Submitted by Jeffrey Snider – Alhambra Investment Partners
The re-crash of oil prices during the recent “dollar” wave/run were hard on almost everyone involved, economically and otherwise, but perhaps not more so than the ECB and its QE proponents. Despite being attributed with every minor upward move that could plausibly be assigned, for all the hype there has been very little actual movement anywhere of significance. The virtuous circle was intended as: liquidity > lending > economy; which would be confirmed by rising “inflation” given the orthodox treatment of official inflation as if it were synonymous with real downstream growth (particularly wages).
If you were to view the economy backwards in that formation, you might be forgiven for thinking that there never was any QE in the first place with its impact so utterly undetectable. Clearly, the European economy has gone nowhere so far and, one step down the chain, conspicuously without any actual burst of lending (beyond exclusively financial rearrangements to take advantage of the ECB’s banking “generosity”) and a liquidity system that appears increasingly unsettled if not fully grotesque.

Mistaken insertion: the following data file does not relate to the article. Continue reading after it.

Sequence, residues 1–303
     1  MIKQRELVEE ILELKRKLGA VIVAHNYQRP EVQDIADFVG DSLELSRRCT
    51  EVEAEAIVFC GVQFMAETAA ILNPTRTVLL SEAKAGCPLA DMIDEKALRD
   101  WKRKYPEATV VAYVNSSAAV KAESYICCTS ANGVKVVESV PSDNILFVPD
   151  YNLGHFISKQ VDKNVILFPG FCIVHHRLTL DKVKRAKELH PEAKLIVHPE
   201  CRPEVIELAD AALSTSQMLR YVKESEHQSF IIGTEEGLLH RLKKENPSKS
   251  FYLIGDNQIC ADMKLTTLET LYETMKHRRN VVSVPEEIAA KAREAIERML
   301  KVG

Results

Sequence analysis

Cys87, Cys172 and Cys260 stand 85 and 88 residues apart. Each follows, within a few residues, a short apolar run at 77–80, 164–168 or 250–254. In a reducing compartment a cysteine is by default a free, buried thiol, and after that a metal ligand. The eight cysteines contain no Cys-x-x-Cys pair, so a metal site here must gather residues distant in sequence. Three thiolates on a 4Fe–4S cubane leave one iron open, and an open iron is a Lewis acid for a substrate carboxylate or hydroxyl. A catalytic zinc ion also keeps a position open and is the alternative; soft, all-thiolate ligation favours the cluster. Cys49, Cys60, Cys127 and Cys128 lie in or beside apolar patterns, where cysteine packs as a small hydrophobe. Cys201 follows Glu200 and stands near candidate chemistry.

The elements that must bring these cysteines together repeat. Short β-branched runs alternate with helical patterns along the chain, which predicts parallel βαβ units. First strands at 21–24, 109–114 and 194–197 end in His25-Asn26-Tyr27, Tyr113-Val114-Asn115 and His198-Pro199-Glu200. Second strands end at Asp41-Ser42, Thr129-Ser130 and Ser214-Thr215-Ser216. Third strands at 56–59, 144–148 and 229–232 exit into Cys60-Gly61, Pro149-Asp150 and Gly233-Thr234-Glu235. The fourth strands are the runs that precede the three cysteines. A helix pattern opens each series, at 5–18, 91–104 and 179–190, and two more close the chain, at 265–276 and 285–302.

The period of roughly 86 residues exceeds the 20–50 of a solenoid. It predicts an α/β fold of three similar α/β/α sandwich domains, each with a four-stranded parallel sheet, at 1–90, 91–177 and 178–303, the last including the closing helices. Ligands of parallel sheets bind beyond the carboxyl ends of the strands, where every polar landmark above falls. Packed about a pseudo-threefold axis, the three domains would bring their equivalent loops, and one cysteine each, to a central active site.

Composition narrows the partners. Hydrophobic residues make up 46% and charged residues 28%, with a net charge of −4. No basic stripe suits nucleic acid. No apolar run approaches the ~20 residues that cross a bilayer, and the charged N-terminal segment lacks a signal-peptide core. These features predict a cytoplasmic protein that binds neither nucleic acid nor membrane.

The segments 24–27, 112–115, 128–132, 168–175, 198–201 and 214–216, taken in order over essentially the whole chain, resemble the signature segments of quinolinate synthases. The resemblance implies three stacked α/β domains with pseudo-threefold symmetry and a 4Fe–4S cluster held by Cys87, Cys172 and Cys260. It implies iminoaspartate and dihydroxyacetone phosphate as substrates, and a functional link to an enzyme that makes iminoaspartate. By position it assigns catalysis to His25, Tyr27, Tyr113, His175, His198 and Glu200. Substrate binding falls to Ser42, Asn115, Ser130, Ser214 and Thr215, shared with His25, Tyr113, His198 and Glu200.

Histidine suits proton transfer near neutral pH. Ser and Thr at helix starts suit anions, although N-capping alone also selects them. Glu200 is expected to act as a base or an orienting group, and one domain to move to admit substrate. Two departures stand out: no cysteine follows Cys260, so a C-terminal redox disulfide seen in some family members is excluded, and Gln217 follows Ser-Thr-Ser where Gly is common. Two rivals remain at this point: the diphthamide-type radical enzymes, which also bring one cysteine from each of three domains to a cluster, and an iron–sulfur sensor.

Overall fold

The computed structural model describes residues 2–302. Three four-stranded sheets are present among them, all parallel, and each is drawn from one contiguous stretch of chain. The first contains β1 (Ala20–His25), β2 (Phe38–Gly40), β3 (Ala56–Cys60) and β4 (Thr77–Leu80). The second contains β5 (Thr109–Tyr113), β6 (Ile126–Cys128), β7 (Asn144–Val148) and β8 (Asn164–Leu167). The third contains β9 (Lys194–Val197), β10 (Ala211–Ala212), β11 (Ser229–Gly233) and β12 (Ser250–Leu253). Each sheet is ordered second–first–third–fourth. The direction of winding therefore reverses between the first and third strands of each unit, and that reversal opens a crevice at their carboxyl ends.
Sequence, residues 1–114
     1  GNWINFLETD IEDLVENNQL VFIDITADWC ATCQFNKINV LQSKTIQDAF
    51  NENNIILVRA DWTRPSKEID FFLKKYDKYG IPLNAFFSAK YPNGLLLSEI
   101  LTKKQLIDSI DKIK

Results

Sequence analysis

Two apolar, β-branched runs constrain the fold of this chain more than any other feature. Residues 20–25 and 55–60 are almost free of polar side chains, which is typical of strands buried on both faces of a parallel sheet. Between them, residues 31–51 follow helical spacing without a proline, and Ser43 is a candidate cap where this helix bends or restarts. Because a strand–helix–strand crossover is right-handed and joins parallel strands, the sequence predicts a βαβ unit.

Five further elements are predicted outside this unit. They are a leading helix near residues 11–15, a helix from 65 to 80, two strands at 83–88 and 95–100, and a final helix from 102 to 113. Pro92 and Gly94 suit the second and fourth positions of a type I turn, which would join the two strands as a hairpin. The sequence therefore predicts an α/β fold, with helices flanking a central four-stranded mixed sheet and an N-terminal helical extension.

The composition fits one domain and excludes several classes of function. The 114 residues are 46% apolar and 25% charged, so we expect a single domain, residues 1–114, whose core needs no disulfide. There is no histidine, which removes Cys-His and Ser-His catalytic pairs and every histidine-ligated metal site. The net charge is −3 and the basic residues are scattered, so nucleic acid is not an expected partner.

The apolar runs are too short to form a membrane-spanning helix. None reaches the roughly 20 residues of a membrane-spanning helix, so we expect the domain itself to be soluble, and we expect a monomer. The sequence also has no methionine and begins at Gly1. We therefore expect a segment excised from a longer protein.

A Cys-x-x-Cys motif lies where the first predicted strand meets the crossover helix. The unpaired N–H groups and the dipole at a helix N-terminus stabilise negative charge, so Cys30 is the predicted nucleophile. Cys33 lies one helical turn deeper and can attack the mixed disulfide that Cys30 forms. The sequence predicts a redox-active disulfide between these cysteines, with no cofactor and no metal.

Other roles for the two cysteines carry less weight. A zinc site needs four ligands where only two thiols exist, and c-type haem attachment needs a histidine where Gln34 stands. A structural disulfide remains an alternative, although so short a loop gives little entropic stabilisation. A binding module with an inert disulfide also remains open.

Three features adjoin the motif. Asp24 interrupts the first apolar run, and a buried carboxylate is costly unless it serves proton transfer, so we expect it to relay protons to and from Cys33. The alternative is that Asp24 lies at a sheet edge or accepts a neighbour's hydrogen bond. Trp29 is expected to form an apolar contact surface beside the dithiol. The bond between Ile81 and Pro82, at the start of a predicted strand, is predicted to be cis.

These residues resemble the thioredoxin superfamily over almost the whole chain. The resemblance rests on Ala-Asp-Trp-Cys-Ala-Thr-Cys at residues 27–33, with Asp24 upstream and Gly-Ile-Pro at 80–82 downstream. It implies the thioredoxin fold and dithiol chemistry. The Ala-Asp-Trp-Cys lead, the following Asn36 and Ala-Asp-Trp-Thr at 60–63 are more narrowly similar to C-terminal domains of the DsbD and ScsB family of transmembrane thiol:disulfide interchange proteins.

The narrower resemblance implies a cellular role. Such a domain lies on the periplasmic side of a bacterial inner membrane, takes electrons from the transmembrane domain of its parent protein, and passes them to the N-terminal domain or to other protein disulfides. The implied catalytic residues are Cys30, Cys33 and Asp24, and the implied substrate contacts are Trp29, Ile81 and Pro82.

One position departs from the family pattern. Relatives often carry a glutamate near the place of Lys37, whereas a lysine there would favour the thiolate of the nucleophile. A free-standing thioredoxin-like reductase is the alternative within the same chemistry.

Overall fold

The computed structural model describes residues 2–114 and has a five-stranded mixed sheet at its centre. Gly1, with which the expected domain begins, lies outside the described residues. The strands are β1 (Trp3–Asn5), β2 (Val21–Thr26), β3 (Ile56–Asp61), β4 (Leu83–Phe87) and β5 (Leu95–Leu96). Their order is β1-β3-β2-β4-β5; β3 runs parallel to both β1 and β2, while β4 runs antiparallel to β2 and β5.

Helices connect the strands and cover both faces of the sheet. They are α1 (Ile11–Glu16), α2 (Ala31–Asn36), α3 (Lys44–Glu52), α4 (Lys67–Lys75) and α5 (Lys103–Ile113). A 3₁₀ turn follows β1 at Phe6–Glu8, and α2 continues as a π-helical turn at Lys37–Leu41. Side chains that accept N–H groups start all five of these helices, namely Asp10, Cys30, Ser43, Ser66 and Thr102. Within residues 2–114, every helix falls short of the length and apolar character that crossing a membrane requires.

That has left only “expectations” of QE’s success with which to suggest that outcome. It began almost straight away, in March, even before QE’s launch when inflation breakevens and calculated forward rates jumped. That was, of course, taken as proof QE had the economic performance already in the bag.
“We interpret it [inflation expectations] as a sign of the credibility of (ECB chief) Draghi’s measures,” said Guilhem Savry, investment manager in Unigestion’s Cross Asset Solutions team.
Along with revealing details of the scheme, the ECB forecast on Thursday consumer price growth would rise from zero this year to 1.8 percent in 2017, close to its target of just below 2 percent. The rise in inflation expectations reflects recent more positive euro zone economic data, a rebound in oil prices and the weakening euro, which will make imports more expensive.
The European Central Bank appears to be winning its battle to persuade households and consumers that inflation will pick up over coming months and years.
The ECB last month ushered in a new era by launching an aggressive bond-buying program known as quantitative easing that will flood the eurozone with more than €1 trillion in newly created money.
A key indicator of euro zone market inflation expectations rose to its highest in almost eight months on Thursday in a further sign the European Central Bank’s trillion-euro bond-buying programme may be working.
While inflation expectations in the 5-year/5-year forwards may have been rising, HICP inflation numbers were not. There have been positive for the Euro Area since May but for the past three months running (through the latest month of July) have been stuck at just 0.2%, which is not appreciably different from zero.